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The so-called geopolitical risk has been the most haunting hazard on the Korea peninsula for more than six decades since the end of the Korean War. It was notoriously difficult to substantiate it and had made many insiders and outsiders hesitate to devote themselves in economic engagements on the peninsula.
At first, there was the ideological confrontation between the North and South, then a severe military tug of war, finally followed by a nuclear threat when everything else did not work out favorably for the North. Indeed, this threat existing since the 1990s has been a prime hazard not just to South Korea but to the entire world. That is why the UN Security Council has warned and imposed numerous sanctions against provocations by the North for more than two decades. There was constant psychological as well as physical fear of attack by the North, which steered potential investors away from South Korea. Of course there had been periods of friendly denuclearization negotiations between the two Koreas, but in essence, they had been nothing more than a disguised break.
However, the dark and thick cloud of confrontation surrounding the peninsula for more than sixty years is finally beginning to clear. The South Korean government not only initiated a “summit talk” between the two Koreas but successfully mediated the arrangement of a meeting between the U.S. President and North Korea’s leader by utilizing the PyeongChang Winter Olympic Games. President Moon of South Korea will meet Chairman Kim Jong-un in late April this year, and then President Trump will have a face-to-face meeting with Mr. Kim at some point later on. It is uncertain what agendas will be brought to the table by each party let alone on how the results of these two historical meetings will come to be.
Of course, the three key players are yearning for quite disparate wishes. It is now very clear that the U.S. will want denuclearization under the CVID princi ple, referring to the complete, verifiable, irreversible dismantlement of nuclear arms. However, the North is very unlikely to denuclearize unless there is CVIG, or complete, verifiable, irreversible guarantee of the regime. Therefore, a crash of the two mutually contradictory principles of CVID and CVIG can be expected in the meeting between the U.S. and North Korea. While their stances are quite conflicting and centered on the issue of denuclearization, South Korea’s position, especially under President Moon’s government, is slightly different, as it seeks a peacefully unified and cooperating peninsula. It puts more emphasis on collaboration and communication between the two Koreas rather than on the military issues.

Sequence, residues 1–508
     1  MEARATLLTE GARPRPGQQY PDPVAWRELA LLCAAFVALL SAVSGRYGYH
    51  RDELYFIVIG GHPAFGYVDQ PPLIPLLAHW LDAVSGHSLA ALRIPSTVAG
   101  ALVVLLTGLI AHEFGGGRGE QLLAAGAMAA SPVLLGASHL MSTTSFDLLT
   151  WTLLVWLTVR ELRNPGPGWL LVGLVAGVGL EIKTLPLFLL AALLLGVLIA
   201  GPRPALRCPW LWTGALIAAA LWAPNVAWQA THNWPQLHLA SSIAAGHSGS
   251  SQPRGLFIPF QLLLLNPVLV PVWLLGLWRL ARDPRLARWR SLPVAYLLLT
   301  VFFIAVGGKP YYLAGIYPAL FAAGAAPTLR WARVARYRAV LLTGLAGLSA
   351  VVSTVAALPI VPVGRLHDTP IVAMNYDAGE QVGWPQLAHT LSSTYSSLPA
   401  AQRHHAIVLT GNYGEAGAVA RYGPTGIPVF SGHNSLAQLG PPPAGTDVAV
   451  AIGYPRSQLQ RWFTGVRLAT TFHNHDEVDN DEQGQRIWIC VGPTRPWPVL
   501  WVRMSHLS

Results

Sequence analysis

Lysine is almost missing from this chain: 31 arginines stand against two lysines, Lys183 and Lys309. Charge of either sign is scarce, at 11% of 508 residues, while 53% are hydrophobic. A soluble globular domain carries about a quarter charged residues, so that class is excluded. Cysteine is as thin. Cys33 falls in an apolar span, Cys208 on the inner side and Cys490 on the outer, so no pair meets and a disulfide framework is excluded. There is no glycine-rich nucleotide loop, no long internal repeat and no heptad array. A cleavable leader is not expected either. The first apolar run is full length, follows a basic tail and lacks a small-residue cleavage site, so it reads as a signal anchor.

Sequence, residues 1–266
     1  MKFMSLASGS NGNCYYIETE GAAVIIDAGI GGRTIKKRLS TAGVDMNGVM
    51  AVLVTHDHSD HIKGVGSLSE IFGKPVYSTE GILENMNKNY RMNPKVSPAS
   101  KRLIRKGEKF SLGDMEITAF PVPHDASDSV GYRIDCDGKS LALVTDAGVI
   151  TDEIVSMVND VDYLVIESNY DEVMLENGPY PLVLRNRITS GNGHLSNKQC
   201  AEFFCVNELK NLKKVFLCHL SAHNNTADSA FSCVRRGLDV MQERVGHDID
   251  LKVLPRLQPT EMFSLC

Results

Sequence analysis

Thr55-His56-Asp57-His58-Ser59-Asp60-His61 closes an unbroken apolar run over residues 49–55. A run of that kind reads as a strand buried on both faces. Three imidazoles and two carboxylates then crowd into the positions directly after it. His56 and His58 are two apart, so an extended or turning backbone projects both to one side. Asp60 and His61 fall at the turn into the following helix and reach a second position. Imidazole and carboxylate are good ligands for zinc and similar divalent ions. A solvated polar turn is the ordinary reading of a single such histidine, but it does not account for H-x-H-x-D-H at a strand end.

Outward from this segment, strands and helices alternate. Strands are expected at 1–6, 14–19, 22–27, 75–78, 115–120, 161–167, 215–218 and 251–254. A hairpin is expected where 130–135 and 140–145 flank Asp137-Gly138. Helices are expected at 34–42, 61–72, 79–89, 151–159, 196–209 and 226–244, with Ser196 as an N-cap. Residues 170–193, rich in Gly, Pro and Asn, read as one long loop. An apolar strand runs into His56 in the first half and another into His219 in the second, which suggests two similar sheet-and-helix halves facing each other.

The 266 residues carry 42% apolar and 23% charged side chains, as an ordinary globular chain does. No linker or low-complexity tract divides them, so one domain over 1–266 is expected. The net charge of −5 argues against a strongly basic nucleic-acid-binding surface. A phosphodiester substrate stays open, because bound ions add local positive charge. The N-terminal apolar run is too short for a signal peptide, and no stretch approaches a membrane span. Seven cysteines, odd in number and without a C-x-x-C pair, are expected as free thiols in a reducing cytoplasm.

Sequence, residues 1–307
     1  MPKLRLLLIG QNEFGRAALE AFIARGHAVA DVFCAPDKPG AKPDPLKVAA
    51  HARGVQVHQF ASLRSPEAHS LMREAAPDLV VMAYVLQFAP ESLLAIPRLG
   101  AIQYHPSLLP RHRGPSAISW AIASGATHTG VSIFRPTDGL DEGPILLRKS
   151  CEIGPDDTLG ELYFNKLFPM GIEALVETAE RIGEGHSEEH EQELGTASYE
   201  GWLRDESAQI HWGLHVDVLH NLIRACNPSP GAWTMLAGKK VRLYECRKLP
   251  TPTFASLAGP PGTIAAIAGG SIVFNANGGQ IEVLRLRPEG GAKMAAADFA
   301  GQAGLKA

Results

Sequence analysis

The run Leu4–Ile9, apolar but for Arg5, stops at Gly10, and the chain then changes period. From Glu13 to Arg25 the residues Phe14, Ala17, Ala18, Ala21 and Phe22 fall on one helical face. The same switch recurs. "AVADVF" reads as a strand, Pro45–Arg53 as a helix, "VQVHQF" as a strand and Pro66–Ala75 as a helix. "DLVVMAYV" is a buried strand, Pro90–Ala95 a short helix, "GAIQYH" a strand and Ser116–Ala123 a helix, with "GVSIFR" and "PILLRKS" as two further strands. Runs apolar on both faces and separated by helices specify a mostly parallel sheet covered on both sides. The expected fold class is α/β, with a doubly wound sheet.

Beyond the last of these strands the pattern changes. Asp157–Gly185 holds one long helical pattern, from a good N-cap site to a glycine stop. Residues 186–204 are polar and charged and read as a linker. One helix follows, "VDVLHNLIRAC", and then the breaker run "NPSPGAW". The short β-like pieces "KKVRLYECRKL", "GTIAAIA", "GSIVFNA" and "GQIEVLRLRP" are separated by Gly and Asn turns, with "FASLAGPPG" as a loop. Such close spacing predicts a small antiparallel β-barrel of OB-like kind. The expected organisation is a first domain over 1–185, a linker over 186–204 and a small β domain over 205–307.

At the end of the day, The U.S. government seems to identify trade issues with national security, and consequently, with military concerns. To the U.S., the North-South economic cooperation that the Moon administration is constantly aiming for cannot be detached from the military issue regarding defense of the peninsula. Indeed, confrontation between countries including the U.S., China, North Korea, Russia and Japan is the last thing that the Moon administration wants. In short, the entangled Gordian knots between the U.S. and the two Koreas are so complicated, intricate, and complex that it is too premature and precarious to predict what the outcome will be.
And yet, there are strong signals that a dawn of hope of a nuke-free peninsula is about to break. There are a number of signs to believe so. First, North Korea’s economic and social environment is directing its leadership towards an increasingly open attitude, especially toward the U.S. Additionally, economic sanctions have definitely been presenting perverse effects on lives of the North Korean people, bringing high inflation, frequent resource shortages, illegal smuggling and corruption. Mounting pressure and antagonism from the inside is very difficult to repel for such a young and western educated leader like Mr. Kim Jong-un. It is not clear whether the North will entirely dismantle nuclear arsenals to gain an economic lift, but this cannot be factored out completely. Second, for the first time in history, the U.S. President will have a face-to-face meeting with the North Korean leader. Perhaps as unpredictable as the two leaders are, nobody can outright dispel the possibility of an unbelievably positive result between the two. Even without dramatic outcomes, the meeting itself deserves much credit. Third, the tension-filled inter-Korean relations has dramatically improved under President Moon’s leadership. Of course there has been severe criticism about his efforts in bringing North Korea into the dialogues, but the meeting with Mr. Kim Jong-un, is regarded by many as the beginning of belated but true detente on the peninsula.
It may not be a chaotic reunification like Vietnam in 1975, nor as dramatic as Germany in 1990, but many have high hopes that we are one stop closer to a peaceful reunification of the peninsula due to the summit talks. Considering the complexities of the decades-long tension that exists between the U.S. and South Korea on one side and the North on the other, it is more than worthwhile to give the talks a chance and dream of the dawning of nuke-free peace on the peninsula.
By Professor Se Don Shin
Dean, Sookmyung Women’s University
The above article does not necessarily reflect the views or position of KOTRA.